Christian ministers have been given a legal briefing on the planned overhaul of religious freedom that says it will not address the “precarious” state of freedom of speech on matters of faith and conscience. Source: The Australian.
The briefing, drawn up by a Christian legal think tank, said the main plank of the government’s plan, a federal religious discrimination act, “is not a major reform”.
It pointed out that religious discrimination is already unlawful in all states except New South Wales and South Australia. It welcomed the change because it would fill a gap in federal law and would have provided an additional remedy for sacked rugby player Israel Folau, who is based in NSW.
The briefing, drawn up by the Freedom for Faith think tank, said the government’s plans were “relatively modest” and some big issues had been left to the Australian Law Reform Commission.
Other big issues, such as freedom of speech on matters of faith and freedom of conscience “are not currently on the government’s agenda at all”.
“In the long term, if these big issues are not addressed, the situation for people of faith will continue to deteriorate,” said the briefing, which was prepared by Patrick Parkinson, who chairs the think tank and is dean of law at the University of Queensland.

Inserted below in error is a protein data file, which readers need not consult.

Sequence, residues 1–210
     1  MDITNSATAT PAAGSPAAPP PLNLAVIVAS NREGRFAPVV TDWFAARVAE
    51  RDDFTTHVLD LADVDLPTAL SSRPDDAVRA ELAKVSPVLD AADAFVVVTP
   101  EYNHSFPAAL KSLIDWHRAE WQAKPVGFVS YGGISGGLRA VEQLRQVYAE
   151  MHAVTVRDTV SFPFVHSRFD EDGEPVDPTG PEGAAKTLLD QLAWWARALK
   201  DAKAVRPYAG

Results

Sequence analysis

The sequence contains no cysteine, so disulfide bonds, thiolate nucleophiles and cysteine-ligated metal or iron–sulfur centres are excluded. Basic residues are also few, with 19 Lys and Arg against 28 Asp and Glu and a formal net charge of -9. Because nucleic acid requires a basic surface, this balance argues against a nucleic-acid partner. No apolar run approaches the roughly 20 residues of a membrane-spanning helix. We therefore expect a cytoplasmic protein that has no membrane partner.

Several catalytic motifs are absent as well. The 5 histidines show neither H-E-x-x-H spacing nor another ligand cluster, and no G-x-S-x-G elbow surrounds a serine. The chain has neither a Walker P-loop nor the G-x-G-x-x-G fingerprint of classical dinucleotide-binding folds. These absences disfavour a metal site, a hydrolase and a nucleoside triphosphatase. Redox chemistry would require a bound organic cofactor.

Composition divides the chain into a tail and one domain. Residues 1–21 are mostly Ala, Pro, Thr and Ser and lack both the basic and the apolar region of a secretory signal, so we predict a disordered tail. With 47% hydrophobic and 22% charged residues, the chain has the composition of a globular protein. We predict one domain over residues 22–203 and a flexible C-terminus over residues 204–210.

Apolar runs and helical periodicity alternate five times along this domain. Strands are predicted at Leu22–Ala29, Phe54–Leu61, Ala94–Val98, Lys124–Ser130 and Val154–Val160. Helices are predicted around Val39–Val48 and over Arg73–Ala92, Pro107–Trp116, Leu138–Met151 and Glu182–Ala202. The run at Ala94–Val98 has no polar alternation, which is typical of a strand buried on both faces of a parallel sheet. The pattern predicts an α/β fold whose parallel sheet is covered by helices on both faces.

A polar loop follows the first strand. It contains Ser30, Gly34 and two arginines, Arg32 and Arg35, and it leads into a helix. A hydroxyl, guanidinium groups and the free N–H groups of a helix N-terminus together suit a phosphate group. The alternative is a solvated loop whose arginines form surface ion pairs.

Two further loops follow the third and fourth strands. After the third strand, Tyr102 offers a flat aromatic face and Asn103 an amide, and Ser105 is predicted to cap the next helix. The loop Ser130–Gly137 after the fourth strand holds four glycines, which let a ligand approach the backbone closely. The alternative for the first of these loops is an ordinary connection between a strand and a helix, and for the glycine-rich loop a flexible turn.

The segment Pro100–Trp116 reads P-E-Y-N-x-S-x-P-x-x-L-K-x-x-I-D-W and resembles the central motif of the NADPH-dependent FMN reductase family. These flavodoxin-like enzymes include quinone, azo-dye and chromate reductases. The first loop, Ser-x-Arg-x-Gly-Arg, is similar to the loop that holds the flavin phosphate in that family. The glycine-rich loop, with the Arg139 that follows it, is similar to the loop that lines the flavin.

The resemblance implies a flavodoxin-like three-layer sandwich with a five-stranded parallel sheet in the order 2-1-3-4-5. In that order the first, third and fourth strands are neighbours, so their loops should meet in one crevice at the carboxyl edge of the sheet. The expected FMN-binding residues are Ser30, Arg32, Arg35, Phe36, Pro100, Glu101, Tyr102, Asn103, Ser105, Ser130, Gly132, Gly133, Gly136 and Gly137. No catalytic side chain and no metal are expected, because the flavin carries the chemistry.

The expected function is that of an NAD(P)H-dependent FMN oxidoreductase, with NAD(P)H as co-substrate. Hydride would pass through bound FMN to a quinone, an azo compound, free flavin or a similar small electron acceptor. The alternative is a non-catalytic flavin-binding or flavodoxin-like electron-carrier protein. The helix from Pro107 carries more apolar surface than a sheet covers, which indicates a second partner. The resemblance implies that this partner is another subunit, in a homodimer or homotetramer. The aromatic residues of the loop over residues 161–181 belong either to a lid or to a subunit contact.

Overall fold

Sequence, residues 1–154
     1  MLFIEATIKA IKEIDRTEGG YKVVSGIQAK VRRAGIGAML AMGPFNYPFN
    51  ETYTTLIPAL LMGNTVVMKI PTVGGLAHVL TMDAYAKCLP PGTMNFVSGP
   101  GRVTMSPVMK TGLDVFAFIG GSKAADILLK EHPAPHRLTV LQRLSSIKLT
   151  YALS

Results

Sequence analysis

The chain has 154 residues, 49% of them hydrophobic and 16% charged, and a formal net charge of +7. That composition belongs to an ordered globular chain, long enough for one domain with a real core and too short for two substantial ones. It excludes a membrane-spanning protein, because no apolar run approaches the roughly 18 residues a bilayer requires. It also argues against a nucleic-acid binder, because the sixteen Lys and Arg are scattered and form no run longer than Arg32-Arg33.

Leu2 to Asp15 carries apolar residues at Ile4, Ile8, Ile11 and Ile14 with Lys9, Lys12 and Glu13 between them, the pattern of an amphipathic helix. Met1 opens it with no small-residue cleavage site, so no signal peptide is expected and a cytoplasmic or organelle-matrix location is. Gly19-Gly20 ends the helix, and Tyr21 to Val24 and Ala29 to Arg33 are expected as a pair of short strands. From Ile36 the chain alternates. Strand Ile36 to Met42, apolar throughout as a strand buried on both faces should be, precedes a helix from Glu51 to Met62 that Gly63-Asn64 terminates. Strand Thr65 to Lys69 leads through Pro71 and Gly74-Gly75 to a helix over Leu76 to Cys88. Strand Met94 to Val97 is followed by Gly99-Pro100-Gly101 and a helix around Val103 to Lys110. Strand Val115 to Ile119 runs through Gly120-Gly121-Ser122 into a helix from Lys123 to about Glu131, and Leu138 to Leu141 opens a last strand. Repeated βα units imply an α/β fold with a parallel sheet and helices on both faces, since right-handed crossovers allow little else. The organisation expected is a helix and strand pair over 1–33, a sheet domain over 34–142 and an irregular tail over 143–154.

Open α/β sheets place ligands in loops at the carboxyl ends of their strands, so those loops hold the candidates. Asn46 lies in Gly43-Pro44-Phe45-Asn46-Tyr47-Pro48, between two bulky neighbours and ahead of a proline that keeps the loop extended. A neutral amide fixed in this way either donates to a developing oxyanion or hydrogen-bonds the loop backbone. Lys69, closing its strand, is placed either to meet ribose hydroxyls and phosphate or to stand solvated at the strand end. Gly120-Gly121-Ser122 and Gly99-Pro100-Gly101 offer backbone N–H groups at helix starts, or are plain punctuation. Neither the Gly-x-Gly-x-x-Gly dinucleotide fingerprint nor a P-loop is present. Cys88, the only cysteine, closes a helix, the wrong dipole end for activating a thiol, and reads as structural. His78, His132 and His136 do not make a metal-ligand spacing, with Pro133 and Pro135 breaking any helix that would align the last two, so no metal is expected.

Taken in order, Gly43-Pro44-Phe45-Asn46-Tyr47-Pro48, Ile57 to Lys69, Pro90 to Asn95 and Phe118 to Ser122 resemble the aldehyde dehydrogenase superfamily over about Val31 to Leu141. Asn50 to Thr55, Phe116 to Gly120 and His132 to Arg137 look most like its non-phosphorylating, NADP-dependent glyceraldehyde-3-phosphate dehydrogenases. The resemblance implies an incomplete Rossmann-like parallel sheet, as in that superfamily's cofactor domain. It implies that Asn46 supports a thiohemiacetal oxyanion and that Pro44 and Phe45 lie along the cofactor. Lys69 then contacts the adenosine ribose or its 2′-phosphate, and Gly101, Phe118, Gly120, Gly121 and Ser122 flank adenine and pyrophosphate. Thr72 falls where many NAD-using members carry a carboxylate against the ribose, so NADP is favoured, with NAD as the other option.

“The issues around religious freedom are very important to the future of the country,” it said.
“Will we continue to be a successful multicultural society in which faith is respected or an aggressively secular one in which faith is, at best, tolerated?”
The protection of religious free speech in Australia “is in a precarious state”, the briefing said.
Freedom for Faith includes academics and religious leaders from denominations including Anglicans, Baptists and Seventh Day Adventists.
The group has had talks with the Prime Minister’s office about religious freedom but said its briefing for clerics was based only on details that had been made public by the government.
Faith think tank frees up debate (The Australian)